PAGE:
In a year filled with professional triumph and personal loss, visiting assistant journalism professor Doug Swift recalled a poignant moment from the Nov. 1, 2022, premiere of his interactive documentary 10,000 Acres in Slayter Hall.
Swift was surrounded by Denison faculty, students, and members of the community who had gathered to see his sweeping story of a swath of Appalachian land in southeastern Ohio that’s been home to farms, strip mines, and a modern-day wildlife conservation center.
Among those in attendance was Swift’s former student and President’s Medalist Sarah Hume ’22, who worked as a writer and editor on 10,000 Acres.
“Sarah had driven down from Michigan with her mom,” said Swift, a filmmaker who specializes in documentaries on Ohio subjects. “At some point during the premier, she turned to her mom and said, ‘This is what I want to do.’”
Inspiring students to pursue their passion for storytelling is rewarding to Swift, who arrived at Denison in 2017 after teaching at Muskingum University and Ohio University-Zanesville. He teaches and serves as a faculty advisor for The Reporting Project, the university’s non-profit news organization.
Praise for 10,000 Acres has come at an emotional time for the instructor, whose wife, Michèle, died in early 2022 of cancer. In a wide-ranging interview, Swift spoke of how he became a documentarian, what students with interest in the genre can do to get involved, and why his four-legged friend, Figgy, has been so instrumental in coping with Michèle’s passing.
How did someone who taught English, creative writing, and journalism transition into the world of documentary filmmaking?
I went to college to study cinematography. I ended up with a minor in it, but I learned the basics. When I became a professor at Muskingum University, where I taught English, creative writing, and journalism, I thought my days of filmmaking were gone. How would I have the money to buy the film, process it, and get an editing table?
So, what changed?
I got tenure at Muskingum, but I needed to quit. I felt too contained. I needed other things to learn and do. So, I did many things. Woodworking, yoga, meditation, and I was the primary caregiver to my son. Then, video was digitized, and I bought a little Canon Sure Shot, started filming my son and making videos, and taught myself digital filmmaking (in the early 2000s). I would just find any subject and make a little documentary about it. My wife, Michèle, was amazingly supportive because we barely had any money. But she supported me as I got nicer cameras and mics and started expanding my repertoire.
Several Denison students contributed to 10,000 Acres. If others want to pursue this field, what’s a good way to get started?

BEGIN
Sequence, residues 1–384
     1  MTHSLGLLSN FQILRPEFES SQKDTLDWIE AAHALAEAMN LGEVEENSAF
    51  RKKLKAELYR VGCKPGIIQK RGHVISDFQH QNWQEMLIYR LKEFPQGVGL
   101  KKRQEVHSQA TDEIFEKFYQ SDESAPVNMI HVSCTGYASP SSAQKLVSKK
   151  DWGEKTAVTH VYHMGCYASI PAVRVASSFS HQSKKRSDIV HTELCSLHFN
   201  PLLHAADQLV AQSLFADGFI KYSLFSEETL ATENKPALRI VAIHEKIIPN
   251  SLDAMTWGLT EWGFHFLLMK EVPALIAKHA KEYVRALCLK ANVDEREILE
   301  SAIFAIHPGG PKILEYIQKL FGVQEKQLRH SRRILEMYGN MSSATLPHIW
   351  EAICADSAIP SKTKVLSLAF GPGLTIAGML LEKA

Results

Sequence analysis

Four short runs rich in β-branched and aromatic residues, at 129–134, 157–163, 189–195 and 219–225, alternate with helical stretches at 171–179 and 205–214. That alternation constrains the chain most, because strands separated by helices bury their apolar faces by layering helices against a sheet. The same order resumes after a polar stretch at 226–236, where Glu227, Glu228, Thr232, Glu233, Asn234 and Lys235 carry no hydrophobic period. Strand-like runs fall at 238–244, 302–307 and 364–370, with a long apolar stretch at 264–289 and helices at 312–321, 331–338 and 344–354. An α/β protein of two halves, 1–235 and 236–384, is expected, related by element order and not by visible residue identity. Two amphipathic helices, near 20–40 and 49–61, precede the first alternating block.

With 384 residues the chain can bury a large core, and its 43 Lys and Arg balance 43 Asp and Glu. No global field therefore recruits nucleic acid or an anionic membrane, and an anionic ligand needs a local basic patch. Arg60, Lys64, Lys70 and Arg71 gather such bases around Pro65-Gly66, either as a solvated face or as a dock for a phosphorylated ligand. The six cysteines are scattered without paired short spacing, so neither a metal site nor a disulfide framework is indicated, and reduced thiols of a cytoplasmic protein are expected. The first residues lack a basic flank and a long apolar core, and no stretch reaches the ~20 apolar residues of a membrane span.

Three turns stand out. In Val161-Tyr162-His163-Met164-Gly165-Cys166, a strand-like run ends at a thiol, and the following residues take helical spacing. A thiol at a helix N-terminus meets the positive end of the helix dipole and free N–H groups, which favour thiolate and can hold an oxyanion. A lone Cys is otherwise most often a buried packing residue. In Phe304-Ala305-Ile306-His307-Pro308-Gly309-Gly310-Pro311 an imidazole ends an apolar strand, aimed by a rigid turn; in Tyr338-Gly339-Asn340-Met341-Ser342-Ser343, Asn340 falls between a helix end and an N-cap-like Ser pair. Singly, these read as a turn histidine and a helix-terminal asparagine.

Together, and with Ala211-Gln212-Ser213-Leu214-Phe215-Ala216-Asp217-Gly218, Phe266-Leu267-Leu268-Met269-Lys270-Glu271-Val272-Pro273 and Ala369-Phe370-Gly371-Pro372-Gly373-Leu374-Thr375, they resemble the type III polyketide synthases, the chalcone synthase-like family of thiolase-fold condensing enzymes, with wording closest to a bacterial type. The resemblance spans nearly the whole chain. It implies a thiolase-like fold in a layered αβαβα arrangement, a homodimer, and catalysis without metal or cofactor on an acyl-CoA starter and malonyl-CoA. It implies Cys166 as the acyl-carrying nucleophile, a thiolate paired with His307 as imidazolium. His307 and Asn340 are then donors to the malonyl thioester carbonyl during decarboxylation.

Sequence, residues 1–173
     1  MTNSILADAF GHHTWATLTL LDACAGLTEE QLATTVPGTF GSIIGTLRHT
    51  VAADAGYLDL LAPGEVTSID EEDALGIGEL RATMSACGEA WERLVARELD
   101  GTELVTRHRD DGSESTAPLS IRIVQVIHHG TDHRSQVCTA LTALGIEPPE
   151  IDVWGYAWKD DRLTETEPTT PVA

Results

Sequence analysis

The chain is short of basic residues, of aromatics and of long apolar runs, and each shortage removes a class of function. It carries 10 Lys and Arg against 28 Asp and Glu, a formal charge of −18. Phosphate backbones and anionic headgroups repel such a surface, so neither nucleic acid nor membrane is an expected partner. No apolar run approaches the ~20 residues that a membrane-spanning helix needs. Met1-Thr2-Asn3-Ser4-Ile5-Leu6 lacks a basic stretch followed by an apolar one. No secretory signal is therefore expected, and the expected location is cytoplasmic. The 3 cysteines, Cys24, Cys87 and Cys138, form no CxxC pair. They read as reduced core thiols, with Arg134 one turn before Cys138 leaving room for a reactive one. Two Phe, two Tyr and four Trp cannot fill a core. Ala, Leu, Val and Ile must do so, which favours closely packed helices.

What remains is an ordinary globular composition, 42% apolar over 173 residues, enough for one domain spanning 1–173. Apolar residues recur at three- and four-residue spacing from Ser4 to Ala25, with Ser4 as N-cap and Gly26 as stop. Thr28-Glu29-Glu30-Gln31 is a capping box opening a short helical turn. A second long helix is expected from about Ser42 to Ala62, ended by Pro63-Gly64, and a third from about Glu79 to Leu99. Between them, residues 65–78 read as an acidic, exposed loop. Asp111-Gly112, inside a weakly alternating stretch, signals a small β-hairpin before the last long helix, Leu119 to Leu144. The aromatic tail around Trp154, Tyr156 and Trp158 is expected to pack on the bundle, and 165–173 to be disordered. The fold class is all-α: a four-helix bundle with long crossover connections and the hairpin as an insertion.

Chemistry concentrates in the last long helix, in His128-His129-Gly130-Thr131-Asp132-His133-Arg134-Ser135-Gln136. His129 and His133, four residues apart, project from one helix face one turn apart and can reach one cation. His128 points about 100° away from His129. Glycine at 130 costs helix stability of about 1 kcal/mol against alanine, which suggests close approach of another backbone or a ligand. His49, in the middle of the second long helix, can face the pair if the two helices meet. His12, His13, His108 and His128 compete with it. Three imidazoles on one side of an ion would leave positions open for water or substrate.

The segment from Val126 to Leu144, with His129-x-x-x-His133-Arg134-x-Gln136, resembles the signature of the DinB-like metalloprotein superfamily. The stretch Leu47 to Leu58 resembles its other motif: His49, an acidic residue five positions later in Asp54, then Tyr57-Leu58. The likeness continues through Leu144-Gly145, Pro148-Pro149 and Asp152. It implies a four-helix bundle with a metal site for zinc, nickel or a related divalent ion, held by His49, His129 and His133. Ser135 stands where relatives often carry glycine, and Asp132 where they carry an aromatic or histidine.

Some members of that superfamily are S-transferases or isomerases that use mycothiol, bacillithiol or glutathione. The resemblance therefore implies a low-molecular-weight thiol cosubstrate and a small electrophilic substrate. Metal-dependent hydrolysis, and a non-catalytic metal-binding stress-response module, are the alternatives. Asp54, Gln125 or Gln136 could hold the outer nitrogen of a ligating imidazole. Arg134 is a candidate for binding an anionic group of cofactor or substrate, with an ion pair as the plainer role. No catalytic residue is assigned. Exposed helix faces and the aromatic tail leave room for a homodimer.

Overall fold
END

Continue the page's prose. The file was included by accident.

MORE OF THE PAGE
One of our core classes is Multimedia Storytelling. Their final project includes blending writing, audio, documentary work, and photos. But to really get an in-depth understanding of what this work is, I would recommend the Summer Scholars program. Pol Le ’25 and Anna Jones ’24 did the WildeCamp story (in 10,000 Acres). That kind of work doesn’t happen during a semester. They had 10 weeks, and that was the only thing they were doing. That was a transformative experience not only for them but for me in understanding what those Summer Scholars programs can be.
You had no reservations in allowing a student such as Sarah Hume to become a significant contributor. How did that evolve?
Sarah Hume is our superstar. For senior projects, she and another student went out and found stories. There wasn’t a professor who said, “I have some subjects for you, see what you can do with them.” Sarah was working on a professional level in her fourth year of college. She wrote a great story that got published in Belt magazine. Sarah is my main editor. She has been fundamental on this project.
What is the story behind Figgy and her presence on campus?
We got Figgy two days before Christmas several years ago. My wife had a fear of dogs, so we knew we needed a gentle one. She’s the one who picked out Figgy. Well, actually, Figgy picked her out, walking up to her and giving my wife a gentle lick on the cheek. At the time, we didn’t know six months later Michèle would be diagnosed with ovarian cancer, and seven months after that, we would lose her. When I lost Michèle, I didn’t know what to do because Figgy is not a dog you can leave at home all day. Little by little, I began bringing her to campus with me, and the students love her. She supports me, gets me through hard days.